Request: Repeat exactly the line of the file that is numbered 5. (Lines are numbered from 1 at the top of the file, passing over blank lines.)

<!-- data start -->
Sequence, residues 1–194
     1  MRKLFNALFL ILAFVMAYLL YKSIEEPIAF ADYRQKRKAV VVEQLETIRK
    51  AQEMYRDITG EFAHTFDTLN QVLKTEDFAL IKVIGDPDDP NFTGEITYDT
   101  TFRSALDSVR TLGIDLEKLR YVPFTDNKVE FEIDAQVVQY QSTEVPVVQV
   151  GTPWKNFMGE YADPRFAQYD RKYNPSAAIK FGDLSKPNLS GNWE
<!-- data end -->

   151  GTPWKNFMGE YADPRFAQYD RKYNPSAAIK FGDLSKPNLS GNWE